My internship at the San Diego Regional Chamber of Commerce has helped me more clearly identify what my career goals are, but in different and even paradoxical ways. While the Chamber has cemented my goal in undertaking a career in public policy, my experience during the course of certain tasks has helped clarify what particular aspects of policy I want to pursue. For example, the last few weeks of my internship were consumed by the time I spent updating some of the economic dashboards the Chamber published annually with new statistics on things such as standards of living, income disparities, and so on.
While the end result and the analyses of those results did prove to be very interesting, the actual work involved in gathering the data and the skill required in understanding how to get certain numbers was not exactly my area of expertise. I experienced profound difficulty in terms working excel, getting the formulas for specific calculations and numbers, and actually finding the data we could use — and I often relied on the aid of other interns and the head of our economic research bureau, who had assigned us the task. Of course, we were given the dashboards only AFTER I had published my fifth blog post, on what my greatest challenges during the internship were. Had I been a bit more procrastinatory, perhaps my fifth blog post may have been a bit more substantial in terms of practical work.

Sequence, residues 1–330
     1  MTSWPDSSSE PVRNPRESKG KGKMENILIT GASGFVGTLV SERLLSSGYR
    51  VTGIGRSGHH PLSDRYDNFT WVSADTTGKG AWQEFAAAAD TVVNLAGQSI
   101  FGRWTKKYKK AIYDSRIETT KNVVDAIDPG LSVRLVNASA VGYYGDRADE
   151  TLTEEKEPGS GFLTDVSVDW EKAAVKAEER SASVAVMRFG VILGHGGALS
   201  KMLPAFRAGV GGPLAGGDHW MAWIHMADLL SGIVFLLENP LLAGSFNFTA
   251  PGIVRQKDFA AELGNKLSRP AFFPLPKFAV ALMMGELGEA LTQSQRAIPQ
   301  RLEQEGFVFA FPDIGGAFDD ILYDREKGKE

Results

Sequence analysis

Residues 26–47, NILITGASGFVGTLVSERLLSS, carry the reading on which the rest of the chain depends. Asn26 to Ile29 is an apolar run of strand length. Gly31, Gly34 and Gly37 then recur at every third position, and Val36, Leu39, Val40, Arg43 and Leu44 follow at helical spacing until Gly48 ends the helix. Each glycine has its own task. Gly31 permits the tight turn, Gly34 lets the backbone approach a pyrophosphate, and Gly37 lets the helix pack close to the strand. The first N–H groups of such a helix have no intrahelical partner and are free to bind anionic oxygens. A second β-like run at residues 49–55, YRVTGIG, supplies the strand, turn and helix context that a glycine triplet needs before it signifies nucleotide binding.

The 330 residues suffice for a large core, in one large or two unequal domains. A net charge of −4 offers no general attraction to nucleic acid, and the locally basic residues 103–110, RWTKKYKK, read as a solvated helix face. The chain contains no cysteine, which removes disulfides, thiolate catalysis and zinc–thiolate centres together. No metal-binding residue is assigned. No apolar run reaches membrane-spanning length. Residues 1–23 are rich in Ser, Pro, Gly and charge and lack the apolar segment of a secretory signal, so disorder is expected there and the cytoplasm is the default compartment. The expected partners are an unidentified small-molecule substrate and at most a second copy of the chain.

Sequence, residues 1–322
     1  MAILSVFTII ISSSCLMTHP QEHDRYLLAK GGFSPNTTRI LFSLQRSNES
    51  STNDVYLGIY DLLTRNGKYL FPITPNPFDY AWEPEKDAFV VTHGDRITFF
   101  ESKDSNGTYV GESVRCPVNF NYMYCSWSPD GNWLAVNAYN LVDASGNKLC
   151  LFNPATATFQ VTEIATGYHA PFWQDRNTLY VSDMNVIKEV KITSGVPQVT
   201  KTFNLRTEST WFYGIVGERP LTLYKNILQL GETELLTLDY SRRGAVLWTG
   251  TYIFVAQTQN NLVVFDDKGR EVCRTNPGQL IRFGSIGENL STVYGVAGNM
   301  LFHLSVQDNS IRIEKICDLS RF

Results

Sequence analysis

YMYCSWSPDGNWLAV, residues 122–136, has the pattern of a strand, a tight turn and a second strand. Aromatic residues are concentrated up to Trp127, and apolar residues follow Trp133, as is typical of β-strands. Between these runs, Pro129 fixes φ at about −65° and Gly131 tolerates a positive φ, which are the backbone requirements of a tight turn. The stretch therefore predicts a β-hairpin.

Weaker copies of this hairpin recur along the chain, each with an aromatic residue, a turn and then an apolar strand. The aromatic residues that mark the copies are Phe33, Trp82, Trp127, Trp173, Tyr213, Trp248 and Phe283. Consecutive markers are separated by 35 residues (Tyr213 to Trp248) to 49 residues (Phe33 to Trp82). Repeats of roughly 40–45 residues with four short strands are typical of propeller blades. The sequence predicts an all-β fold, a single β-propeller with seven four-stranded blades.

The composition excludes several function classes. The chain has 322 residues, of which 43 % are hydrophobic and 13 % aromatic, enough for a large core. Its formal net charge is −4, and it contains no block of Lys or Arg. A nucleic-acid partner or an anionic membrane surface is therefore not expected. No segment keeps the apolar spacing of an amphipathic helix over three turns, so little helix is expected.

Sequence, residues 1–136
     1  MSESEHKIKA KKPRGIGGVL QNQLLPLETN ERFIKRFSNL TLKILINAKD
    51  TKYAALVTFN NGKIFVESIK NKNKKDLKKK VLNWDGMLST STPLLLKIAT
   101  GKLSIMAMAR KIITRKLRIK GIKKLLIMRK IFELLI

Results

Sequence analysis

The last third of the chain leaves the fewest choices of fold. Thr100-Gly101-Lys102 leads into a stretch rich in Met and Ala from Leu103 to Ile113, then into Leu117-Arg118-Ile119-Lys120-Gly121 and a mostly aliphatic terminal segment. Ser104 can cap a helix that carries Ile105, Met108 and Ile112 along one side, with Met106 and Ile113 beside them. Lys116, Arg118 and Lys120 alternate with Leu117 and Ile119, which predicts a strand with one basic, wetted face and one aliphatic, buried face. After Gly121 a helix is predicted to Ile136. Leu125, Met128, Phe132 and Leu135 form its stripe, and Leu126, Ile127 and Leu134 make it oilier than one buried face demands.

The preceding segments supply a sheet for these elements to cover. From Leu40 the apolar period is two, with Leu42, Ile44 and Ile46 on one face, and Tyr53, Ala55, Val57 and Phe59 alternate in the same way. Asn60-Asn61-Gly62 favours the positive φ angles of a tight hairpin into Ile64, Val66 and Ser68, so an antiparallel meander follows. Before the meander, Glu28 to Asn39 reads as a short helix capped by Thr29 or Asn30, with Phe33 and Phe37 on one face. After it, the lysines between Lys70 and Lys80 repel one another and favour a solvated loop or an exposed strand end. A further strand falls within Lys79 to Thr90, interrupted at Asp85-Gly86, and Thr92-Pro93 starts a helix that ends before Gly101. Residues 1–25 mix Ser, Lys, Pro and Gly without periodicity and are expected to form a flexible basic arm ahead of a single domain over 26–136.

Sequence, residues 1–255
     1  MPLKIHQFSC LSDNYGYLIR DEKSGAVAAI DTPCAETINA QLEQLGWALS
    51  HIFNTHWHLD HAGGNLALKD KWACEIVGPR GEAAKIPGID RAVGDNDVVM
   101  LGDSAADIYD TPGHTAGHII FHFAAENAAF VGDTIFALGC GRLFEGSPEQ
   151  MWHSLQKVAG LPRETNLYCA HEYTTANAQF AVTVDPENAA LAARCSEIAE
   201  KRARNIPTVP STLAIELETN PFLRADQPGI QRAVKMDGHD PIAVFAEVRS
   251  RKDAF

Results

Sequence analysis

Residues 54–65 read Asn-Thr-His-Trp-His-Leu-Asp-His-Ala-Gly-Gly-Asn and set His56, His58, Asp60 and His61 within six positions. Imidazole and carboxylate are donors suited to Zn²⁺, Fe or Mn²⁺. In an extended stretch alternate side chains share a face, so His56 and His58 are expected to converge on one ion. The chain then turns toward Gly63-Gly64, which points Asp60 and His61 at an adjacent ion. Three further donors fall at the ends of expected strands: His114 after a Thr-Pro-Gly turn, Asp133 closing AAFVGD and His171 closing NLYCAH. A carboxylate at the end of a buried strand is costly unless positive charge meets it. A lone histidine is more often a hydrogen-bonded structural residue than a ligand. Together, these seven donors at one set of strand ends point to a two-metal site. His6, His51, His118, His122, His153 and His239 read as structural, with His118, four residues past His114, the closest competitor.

However, without the difficulty of dashboards, there were many tasks and aspects of work that I truly did enjoy during my internship. I loved to work on understanding and crafting arguments for certain policies from the business perspective, which I believe would be very useful for me in the future. I did enjoy getting to hear a diverse array of perspectives and policies from the members of the Chamber I met, as well as the intricacies of the policymaking process. Therefore, as you can well see, I have always considered myself to be a qualitative rather than quantitative person in terms of the work I want to pursue.
This experience and the attitudes attained as a result of it does largely reflect my academic course of study – I’ve often tried to maintain a comfortable distance from anything mathematical, and I long ago dismissed the idea of pursuing an education that was rooted in economics, even though I did see the great benefits of it. While I most likely will continue to pursue an education influenced by international relations, I do want to gain more exposure to the business world, as the Chamber has indeed opened up that pathway to me. So while I may not specifically sign up for a class in the business school or pursue an economics minor, I do want to gain more practical and real-world experience through internships and work experience which would provide me with the tools necessary to succeed in those environments.